Have yourself a good drama read and pass the scotch, Scottie.
Was it Chaucer who said, “Whan that Aprille with his shoures sote / The droghte of Marche hath perced to the rote” which, loosely translated from Ye Olde Englishie, means “April follows March in the Gregorian calendar as established in 1582.” Clinical, yes. But you could see that Chaucer was indeed psyched by the season we call “Spring.”
I’ve been known to lose my bonnet over the months of begonias and bloodroots. Was it me who said, “A light exists in spring / Not present on the year / At any other period”? Yes, a little obvious, I know. Now that I look at that again. Yeah. That’s a bit crap.
With the promise of spring comes the promise of good writing. And that excites me. To no end. I believe it was me who penned “If I feel physically as if the top of my head were taken off, I know that is poetry.” Totally and completely psyched. I mean it. I’m talking like the Zapruder film, where rhyme is the grassy knoll and rhythm is the Texas School Book Depository. Like that kind of psyched.
So, I’m super pleased and in wall-eyed wonder to have been asked by Sir Tristram Stjohn Bexindale-Webb (editor-in-chief) to give a peekaboo of some of the playwrights to be published on The Good Ear Review this spring. You will be seeing monologues by Catherine Harvey (UK), William Cameron (USA), Robert McClure Smith (USA), Taylor Gould (USA), Kevin McCann (UK), Celine Gibson (New Zealand), Lee Sutton (UK), Judy Darley (UK), Lucas Johnson (Canada), Kate Kogut (USA), Katherine Burkman (USA), Ann Harvie (Scotland), and Marjana Cosic (Serbia).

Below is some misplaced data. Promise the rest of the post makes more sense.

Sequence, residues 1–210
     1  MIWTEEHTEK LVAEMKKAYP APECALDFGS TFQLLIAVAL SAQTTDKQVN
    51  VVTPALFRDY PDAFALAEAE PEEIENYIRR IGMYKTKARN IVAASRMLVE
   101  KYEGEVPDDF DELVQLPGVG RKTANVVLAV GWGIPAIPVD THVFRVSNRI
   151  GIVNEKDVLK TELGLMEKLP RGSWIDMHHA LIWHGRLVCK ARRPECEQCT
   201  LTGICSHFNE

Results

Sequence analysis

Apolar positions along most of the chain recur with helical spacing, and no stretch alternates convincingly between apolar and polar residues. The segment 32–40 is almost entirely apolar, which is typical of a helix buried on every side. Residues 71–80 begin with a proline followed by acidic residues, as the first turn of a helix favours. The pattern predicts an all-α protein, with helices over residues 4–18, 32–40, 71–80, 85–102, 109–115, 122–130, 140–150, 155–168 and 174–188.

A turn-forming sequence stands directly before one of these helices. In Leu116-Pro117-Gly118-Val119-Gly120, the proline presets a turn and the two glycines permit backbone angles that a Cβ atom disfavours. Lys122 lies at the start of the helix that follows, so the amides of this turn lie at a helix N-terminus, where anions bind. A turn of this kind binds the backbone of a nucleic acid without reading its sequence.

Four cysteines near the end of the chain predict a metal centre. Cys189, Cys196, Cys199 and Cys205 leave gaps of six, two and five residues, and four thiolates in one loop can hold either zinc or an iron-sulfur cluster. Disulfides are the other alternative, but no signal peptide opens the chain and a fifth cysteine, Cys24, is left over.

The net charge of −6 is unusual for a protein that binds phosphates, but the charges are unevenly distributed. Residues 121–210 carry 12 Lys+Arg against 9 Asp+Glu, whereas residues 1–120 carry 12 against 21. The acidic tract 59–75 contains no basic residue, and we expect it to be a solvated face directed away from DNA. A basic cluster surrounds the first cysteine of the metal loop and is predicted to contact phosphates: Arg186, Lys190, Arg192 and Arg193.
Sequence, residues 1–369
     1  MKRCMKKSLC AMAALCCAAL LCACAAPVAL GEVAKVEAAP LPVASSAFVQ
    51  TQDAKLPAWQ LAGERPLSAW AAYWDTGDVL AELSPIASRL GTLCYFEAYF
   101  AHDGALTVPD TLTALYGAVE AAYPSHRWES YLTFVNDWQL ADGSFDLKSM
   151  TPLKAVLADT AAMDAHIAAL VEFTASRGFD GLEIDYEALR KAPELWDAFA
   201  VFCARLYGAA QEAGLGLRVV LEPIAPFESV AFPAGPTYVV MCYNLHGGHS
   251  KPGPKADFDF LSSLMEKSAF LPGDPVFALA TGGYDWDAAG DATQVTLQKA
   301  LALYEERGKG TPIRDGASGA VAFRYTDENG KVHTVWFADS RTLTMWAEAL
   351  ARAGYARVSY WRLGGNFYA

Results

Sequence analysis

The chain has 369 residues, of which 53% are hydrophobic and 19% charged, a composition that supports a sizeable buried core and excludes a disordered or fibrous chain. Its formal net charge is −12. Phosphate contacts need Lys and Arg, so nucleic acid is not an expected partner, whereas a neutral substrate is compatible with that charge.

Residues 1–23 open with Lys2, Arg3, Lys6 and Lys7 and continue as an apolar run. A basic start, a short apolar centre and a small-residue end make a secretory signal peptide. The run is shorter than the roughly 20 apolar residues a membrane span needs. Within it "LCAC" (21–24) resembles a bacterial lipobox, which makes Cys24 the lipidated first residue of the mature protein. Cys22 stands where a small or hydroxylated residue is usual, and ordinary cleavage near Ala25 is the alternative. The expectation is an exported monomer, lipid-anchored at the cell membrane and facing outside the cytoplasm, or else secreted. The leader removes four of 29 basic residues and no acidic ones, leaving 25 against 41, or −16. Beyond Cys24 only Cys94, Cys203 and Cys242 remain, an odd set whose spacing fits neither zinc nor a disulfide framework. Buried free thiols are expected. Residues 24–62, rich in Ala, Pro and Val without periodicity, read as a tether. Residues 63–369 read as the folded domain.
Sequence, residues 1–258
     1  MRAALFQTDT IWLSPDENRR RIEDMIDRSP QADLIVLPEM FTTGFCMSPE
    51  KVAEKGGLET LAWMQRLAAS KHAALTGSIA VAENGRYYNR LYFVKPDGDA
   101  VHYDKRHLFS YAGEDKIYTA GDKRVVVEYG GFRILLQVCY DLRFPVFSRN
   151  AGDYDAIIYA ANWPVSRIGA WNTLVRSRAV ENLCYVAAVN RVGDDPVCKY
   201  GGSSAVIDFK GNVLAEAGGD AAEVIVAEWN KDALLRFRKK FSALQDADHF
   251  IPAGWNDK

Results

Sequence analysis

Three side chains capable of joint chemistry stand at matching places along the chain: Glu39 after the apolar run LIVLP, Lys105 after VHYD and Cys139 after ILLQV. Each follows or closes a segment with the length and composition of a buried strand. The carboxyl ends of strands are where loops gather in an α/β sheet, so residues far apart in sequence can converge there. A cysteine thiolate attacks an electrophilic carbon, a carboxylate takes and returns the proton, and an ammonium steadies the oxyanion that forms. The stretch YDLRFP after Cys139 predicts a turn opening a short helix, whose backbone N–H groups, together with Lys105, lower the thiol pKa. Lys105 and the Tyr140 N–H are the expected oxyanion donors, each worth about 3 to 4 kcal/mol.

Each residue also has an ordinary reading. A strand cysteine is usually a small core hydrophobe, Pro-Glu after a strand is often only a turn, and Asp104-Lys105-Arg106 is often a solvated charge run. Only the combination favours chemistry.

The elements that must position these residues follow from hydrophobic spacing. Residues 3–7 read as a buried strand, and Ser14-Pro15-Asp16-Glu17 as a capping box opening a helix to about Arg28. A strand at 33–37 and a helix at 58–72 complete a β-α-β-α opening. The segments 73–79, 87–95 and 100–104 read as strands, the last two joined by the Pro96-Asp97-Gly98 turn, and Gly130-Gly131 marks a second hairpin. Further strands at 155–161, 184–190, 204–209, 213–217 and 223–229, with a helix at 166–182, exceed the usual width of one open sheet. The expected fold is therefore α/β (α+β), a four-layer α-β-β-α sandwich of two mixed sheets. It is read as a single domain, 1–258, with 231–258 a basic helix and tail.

See? Look at her dancing already. Jesus, everybody’s got the spring fever. Did you reset your clocks an hour forward, by the way? If you’re too lazy-assed, get your Irish maid to do it. You don’t want to be all circadianly out of whack. Get with the programme—it’s the mid-19th century already, sugar tits.
Beware, beware! Take shelter! We are hurling toward the bleak mid-winter. Yes, we are. Now that Christian Christmas season is at a close and the New Year rings loud with its bells and cacophony. It is indeed mid-winter-esque, as you can plainly see.
But it need not be bleak! No!
I’m sorry—I was loud. (sotto) Nooo.
There are lovely bits of writing to make your mid-to-late winter as toasty and pleasing as a warm hand muff made of dead fox or some other swift and beautiful animal. You can expect to be reading monologues by the likes of Atar Hadari (UK), Jon Spano (USA), Yolanda Nieves (USA), Alistair Hewitt (UK), Niamh Bagnell (Ireland), Tracy Harris (UK), Carla Grauls (UK/South Africa), Colin Garrow (UK), Elaine Romero (USA), and Bill Cameron (USA).
I don’t have anything more to say.